7 Apps All Indie Authors Need to Write a Novel
How do you take that random thought in your head and get it into book form? It takes several tools. Some apps are free. Most are not. For me, investing in these apps from the start is part of the long game of being an author, especially if you’re planning on writing a number of books.
Let’s start with Scrivener, because this is where my writing process begins.
My brain constantly whizzes with story ideas, and if it’s not coming up with new ideas, it’s dissecting those ideas into more robust stories. Scrivener lets me unpack those ideas. I use Scrivener as the filing cabinet for ideas, scenes and dialogue.
Later, once I have my characters created, my outline written, I come back to Scrivener, to write the book. The layout allows me to write in both scene and chapters, so if I need to move stuff around, it’s easy to do so.
I love Pinterest, but it can also be evil. I can lose myself for days in Pinterest, if I let myself go. But it’s such an amazing took for character development. For example, I may have a visual in my head of what a character looks like and using Pinterest helps me define them. I can find everything from hairstyle, to colour of eyes, to clothing style. All of this helps me bring my characters – and their quirks – to life.
I mentioned this tool in my post Creating Complex and Believable Characters. It’s a quirky tool I use, to create the visuals for characters. It’s fun and sometimes a distraction, but it helps to get the idea out of your head and on to a page.
ProWritingAid is a godsend to me. As their tagline says, it IS A grammar checker, style editor and writing mentor in one package. BUT, it doesn’t just find grammar and spelling issues, but also clichés, overused words, run-on sentences, etc. I spend WEEKS in this app once I have my book drafted. ProWritingAid helps to clean the mess up. I won’t share anything I write until it’s been through this process.
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5. Microsoft Word
I’ll be honest, I have a love/hate relationship with Word. But I hate Pages and I hate Google docs more, and since I have been using Word professionally for so long, it’s easier to use what I know and battle the demons.
Why do I still use it then? Because there is one tool that, as a writer, I cannot deny is one of the most powerful in my toolbox of wonderful tools. Word allows me to LISTEN to my book. Do you know how many mistakes, how many ramblings I’ve cut down, just by listening to my writing? This part of the process is undeniably necessary.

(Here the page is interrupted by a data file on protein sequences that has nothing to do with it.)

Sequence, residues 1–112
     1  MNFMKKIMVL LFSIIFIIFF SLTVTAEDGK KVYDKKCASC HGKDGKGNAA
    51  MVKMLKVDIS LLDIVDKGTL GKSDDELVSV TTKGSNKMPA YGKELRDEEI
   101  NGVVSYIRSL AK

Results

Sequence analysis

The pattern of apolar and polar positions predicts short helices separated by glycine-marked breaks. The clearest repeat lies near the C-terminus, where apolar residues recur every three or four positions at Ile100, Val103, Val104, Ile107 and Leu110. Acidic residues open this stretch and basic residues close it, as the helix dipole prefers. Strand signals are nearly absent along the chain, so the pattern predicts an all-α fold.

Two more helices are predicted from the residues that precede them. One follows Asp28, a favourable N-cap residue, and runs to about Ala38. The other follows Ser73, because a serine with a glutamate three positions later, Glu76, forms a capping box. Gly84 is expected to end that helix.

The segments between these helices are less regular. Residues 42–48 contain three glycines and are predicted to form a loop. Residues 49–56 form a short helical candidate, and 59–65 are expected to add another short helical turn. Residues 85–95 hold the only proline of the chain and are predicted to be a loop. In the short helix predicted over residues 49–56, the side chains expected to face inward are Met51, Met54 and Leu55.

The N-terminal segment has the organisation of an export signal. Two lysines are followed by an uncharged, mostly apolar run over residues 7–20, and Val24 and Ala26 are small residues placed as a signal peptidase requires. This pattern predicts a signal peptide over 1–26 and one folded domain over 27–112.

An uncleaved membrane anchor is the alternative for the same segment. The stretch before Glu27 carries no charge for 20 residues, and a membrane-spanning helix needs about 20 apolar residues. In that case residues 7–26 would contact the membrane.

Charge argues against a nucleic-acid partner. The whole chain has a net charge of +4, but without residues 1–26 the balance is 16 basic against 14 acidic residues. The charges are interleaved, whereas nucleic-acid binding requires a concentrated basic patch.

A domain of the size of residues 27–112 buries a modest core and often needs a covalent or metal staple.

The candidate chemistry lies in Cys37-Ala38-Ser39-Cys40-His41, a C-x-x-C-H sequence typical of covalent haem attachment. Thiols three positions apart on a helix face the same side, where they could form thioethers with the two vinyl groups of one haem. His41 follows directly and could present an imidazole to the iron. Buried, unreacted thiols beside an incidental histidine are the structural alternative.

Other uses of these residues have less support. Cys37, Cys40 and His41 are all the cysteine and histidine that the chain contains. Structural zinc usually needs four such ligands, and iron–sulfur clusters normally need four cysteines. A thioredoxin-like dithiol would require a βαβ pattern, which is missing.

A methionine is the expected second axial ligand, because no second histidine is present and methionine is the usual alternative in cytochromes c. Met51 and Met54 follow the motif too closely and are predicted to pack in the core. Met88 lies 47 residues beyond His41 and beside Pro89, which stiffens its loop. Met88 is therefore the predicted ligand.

Canva is another tool I love, but also one I could lose myself in.
I use the Pro version of Canva for a lot of things. As a writer and publisher, I create book covers for eBooks, post images for Pinterest and blog posts. I also use it extensively for marketing materials. I also use Canva for creating interim book covers.
When creating book covers for paperbacks and hardcovers, it’s a lot more complicated. That’s when it’s helpful to hire a book cover designer. You can do it yourself. I did for Camino Wandering and will continue creating covers myself, because I’m creative like that. I use Affinity Publisher, but I’ll leave that for another post. Like I said, it’s more complicated.
With my book written, edited, polished, and the cover created (in Canva), I’m ready to publish. I am ready to move this work from manuscript to book.
I use Vellum to do this. I quick note here, it only works on Macs. (Sorry PC users, I can’t offer any help with what to use). With Vellum, you add your cover, internal manuscript (a Word document works best I have found), your Copyright material, any Dedication and Acknowledgement pages, Author page, and finally a Table of Contents (for Kindle/eBooks). Vellum provides font and format options too, so you can create the look and feel you are wanting for your book.
Then the magic happens. Vellum takes all that then spits out an ePub, Kindle, and print format, all into a handy folder. From here, you can upload these files to wherever you intend to sell your book. That may be Ingram Sparks, Kindle Direct Publishing or wherever you choose.
Of course, it’s not QUITE that magical. When uploading print books to your print distributor (Ingram, KDP etc), you need to have your cover within their individual specifications. As mentioned, I’ll leave that for another post for those wanting to create book covers themselves.
Check out the post Must Have Marketing & Writing Resources – plus Facebook Groups – For Indie Authors. I think you’ll find that has a lot of handy resources too!
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